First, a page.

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Home / Sports / Tokyo Olympics: Sindhu in fine form, up next a familiar foe

Tokyo Olympics: Sindhu in fine form, up next a familiar foe

The journey forward would probably not be easy, with her next opponent being Japan Akane Yamaguchi, the world No.5, and then if she progresses, waiting for her in the semis could be Tai Tzu-Ying
PV Sindhu

Our Bureau, Agencies   |   Calcutta, Tokyo   |   Published 30.07.21, 01:43 AM

Shuttler PV Sindhu recorded yet another comfortable win as she brushed aside Denmark’s Mia Blichfeldt on Thursday to move into the women’s singles quarter finals at Tokyo 2020.

But the journey forward would probably not be easy, with her next opponent being Japan Akane Yamaguchi, the world No.5, and then if she progresses, waiting for her in the semi-finals could be Tai Tzu-Ying, the world’s top-ranked woman shuttler.

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On Thursday, Sindhu, the reigning world champion, was once again in top form. The 26-year-old, who won a silver at the 2016 Rio Olympics, completed a 21-15, 21-13 win over 13th seed Blichfeldt in a 41-minute match.

“I started off well in the first game but around 15-16 I gave a couple of points because I was rushing in my defence. My coach was telling me that I was playing the wrong way and I realised that and I immediately changed my tactics and completed the first game,” Sindhu said during a media interaction after the match. “Second game I was fine, I was maintaining the lead and finished it off.”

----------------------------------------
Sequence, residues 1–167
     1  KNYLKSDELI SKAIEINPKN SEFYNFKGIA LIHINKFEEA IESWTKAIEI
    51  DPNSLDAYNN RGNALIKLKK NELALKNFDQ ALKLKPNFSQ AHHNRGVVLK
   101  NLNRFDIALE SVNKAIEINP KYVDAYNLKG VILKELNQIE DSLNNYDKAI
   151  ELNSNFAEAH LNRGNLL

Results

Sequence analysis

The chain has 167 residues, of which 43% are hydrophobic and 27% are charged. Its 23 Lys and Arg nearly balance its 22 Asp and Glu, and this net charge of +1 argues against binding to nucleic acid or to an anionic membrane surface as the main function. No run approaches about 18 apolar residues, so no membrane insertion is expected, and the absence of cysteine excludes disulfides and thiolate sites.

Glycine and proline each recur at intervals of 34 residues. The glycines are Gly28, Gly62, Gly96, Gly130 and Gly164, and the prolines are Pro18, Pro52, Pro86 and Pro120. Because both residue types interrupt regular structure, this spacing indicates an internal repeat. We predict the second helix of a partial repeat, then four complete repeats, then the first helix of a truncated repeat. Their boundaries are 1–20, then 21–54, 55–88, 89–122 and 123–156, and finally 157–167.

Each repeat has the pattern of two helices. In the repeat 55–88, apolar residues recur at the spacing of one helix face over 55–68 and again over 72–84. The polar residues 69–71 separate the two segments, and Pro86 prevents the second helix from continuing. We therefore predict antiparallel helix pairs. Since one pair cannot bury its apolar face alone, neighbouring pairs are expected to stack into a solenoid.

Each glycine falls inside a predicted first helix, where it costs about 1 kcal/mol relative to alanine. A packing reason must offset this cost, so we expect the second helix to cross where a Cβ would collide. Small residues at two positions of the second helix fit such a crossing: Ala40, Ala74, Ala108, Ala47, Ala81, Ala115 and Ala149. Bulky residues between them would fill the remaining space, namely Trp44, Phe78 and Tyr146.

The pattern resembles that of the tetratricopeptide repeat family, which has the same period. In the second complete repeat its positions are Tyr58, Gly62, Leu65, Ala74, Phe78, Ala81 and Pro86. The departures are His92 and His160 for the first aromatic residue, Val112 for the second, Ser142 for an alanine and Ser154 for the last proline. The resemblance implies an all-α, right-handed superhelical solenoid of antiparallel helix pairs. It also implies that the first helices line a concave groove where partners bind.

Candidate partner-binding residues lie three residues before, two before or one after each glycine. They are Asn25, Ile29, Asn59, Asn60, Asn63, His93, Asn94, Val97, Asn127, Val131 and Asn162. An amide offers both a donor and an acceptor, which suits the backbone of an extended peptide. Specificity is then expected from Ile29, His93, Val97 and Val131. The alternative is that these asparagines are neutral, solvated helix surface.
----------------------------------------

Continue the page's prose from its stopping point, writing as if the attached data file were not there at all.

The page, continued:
Sindhu’s quarter-final opponent Yamaguchi defeated Korea’s Kim Gaeun 21-17, 21-18. Sindhu has a 11-7 head-to-head count against the Japanese, whom she had beaten the last time the two met at the All England Championship in March this year.

Against Blichfeldt, Sindhu mixed her strokes well, putting her attacking clears and drops to good use besides smashing her way to finish points whenever there was a chance. She anticipated the shuttle better and showed good court coverage.

Blichfeldt had a 2-0 lead early on but Sindhu soon took back control at 6-4 and kept her nose ahead before unleashing a cross court smash to enter the interval with a 11-6 lead. The Danish shuttler scripted a mini comeback, winning six of the next seven points, riding on a few smashes and Sindhu’s unforced errors.            

An unlucky net chord broke the run of points but Blichfeldt sent down two straight smashes to again narrow it to 14-16 before succumbing to a series of unforced errors.

The Indian revved up the pace in the second game to zoom to a 5-0 lead. Blichfeldt tried to find an opening but Sindhu was always a step ahead as she held a five-point advantage at the break. After the interval, Sindhu lost a few points due to the occasional brilliance shown by her rival, but she never lost control and soon wrapped it up.



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